Mario Jurić (@ is a professor of Astronomy at the University of Washington (@uwastronomy) & eScience Institute Fellow (at @uwescience). He’s interested in astronomical ‘Big Data’: developing and applying data science methods that let astrophysicists use large data sets to answer research questions. Two experiments he’s involved with are the Large Synoptic Survey Telescope (LSST), and the Zwicky Transient Facility (ZTF). Loves Python, prefers tabs, and thinks bash scripting is fun
Rachael Ainsworth (@rachaelevelyn) is a Research Associate at the Jodrell Bank Centre for Astrophysics (JBCA) at the University of Manchester. Her expertise lies in the interpretation of radio emission from protostellar systems in nearby star forming regions, particularly at very long (metre) wavelengths. Her primary research interests include astrophysical jets/outflows, star formation and evolution. She works on the Horizon 2020 RadioNET “Radio Interferometry Next Generation Software” (RINGS) project to develop software for calibrating dispersive delay corrections in long baseline radio interferometry for long wavelength telescopes such as the Low Frequency Array (LOFAR).
She is Open Science Champion for the Interferometry Centre of Excellence at JBCA, where she promotes, advocates and organises events relating to open science in astronomy. She is also a Mozilla Open Leader running the open project Resources for Open Science in Astronomy (ROSA), which aims to compile and tailor open science best practices from around the web into a toolkit for astronomers to work openly from proposal to publication. This project seeks input from the entire astronomy community, so feel to bookmark https://github.com/rainsworth/ROSA and become a contributor to the project in the coming weeks.
Rachael also organises the Manchester chapter of XX+Data (@xxplusdatamcr) – a community for women who work with and love data. The goal of the community is to bring together women with diverse expertise and experience to support one another, share experiences and talk data.
She studies lightcurves, time series of light, in astronomy, with applications in stellar evolution, cosmology, and solar system science, and in cities, at the CUSP urban observatory, where the study of NYC lightcurves enables sociological, ecological, economical inference.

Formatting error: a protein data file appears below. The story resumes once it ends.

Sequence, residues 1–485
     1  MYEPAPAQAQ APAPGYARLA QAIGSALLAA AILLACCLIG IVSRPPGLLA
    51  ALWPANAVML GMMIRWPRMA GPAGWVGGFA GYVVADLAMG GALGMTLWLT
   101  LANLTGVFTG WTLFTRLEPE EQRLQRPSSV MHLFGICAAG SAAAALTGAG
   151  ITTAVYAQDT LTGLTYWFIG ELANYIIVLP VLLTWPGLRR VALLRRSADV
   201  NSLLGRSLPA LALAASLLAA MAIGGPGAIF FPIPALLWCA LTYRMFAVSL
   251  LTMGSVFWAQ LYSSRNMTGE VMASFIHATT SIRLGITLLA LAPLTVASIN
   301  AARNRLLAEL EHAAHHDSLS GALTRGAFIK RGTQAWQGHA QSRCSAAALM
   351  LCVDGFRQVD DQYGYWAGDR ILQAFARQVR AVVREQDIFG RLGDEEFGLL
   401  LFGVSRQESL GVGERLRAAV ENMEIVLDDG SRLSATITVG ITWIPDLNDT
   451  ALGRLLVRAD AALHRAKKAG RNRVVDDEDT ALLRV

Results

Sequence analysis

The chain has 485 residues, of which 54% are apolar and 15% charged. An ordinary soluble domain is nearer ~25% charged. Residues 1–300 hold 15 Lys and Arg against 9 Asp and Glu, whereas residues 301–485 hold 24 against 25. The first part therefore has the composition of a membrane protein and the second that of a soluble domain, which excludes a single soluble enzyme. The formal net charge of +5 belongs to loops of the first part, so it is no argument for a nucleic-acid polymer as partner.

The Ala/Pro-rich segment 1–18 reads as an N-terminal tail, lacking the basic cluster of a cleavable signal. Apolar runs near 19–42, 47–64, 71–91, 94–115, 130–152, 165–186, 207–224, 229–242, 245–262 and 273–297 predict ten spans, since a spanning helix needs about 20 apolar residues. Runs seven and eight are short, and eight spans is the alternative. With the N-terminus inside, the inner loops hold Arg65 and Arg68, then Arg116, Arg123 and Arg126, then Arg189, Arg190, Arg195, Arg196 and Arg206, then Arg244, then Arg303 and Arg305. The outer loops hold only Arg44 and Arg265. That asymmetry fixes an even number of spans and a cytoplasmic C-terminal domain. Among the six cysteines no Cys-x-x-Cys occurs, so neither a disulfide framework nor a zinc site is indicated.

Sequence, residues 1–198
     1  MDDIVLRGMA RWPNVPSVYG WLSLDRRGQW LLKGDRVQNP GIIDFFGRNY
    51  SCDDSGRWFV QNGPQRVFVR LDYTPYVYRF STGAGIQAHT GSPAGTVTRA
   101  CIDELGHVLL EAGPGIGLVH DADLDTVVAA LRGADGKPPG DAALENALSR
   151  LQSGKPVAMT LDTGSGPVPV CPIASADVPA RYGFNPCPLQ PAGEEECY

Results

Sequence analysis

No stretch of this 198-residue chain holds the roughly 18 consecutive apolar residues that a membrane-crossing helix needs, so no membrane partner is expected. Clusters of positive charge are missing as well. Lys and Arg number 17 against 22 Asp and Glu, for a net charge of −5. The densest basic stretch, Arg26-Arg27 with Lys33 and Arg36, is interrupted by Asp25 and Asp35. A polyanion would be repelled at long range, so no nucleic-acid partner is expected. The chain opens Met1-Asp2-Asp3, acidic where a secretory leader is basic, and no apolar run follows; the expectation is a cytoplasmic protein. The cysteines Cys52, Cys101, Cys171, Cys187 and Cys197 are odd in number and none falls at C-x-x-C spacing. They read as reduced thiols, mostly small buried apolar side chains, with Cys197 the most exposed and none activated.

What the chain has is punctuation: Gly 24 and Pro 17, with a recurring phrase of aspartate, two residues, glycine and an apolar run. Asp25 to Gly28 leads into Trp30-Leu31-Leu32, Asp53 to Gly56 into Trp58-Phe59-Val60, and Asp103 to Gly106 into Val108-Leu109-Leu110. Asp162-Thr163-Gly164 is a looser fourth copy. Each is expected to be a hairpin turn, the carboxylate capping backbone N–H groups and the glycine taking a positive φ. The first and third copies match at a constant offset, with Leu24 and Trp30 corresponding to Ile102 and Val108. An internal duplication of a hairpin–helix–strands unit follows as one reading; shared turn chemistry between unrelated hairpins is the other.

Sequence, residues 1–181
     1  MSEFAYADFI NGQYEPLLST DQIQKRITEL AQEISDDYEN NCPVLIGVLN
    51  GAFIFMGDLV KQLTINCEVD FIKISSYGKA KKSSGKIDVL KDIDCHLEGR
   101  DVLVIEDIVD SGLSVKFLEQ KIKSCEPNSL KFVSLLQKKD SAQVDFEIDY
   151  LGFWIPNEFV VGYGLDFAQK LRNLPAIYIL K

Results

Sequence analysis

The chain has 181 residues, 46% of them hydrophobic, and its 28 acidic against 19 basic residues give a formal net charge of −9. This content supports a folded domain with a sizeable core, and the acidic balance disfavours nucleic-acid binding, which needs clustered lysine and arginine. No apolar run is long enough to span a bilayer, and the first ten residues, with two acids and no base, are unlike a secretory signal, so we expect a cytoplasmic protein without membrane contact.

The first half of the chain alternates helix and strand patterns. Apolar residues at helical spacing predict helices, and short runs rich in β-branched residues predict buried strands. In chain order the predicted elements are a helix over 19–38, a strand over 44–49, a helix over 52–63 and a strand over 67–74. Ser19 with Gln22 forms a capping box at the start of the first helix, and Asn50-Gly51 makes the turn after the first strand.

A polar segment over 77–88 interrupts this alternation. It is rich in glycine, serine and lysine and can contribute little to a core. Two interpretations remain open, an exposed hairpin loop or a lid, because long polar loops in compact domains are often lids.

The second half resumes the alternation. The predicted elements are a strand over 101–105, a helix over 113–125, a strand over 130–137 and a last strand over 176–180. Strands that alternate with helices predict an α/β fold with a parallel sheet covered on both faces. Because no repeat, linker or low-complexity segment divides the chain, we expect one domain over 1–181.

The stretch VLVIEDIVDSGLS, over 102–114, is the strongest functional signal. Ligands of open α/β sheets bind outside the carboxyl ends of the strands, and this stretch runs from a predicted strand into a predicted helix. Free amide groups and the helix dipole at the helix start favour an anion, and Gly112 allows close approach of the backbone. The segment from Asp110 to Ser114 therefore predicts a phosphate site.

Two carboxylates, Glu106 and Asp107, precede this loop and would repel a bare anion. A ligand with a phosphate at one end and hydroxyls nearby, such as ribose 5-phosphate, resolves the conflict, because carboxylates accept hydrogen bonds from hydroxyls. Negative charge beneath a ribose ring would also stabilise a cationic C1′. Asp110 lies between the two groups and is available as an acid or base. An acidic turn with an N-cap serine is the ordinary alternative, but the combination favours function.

She is the co-chair of the LSST Transients and Variable Stars Collaboration: a group of over 200 scientists who are preparing to optimally exploit the revolutionary LSST survey for the study of the transient sky. Also, she is a professional boxer!
Benoît @BenoitNoyelles works at the Naxys institute, University of Namur, Belgium. He is currently funded to model the rotation of the Galilean satellites of Jupiter, in preparation of JUICE. He graduated from Paris Observatory in 2005, where he mostly studied celestial mechanics. He was particularly specialized on the orbital dynamics of the natural satellites. He moved to Belgium in 2006 to work on the rotation of the resonant bodies, i.e. natural satellites and Mercury. The influence of the interior on the rotational dynamics of a planetary body pushed him to be acquainted with planetary geophysics. He made several research visits, at Jinan University (China), University Tor Vergata (Italy), UCSC (USA), and UNESP (Brazil). He is particularly involved in the Division on Dynamical Astronomy (AAS).
He is interested in any aspect of planetology, even if he prefers the Solar System. His website is http://benoit.noyelles.pagesperso-orange.fr/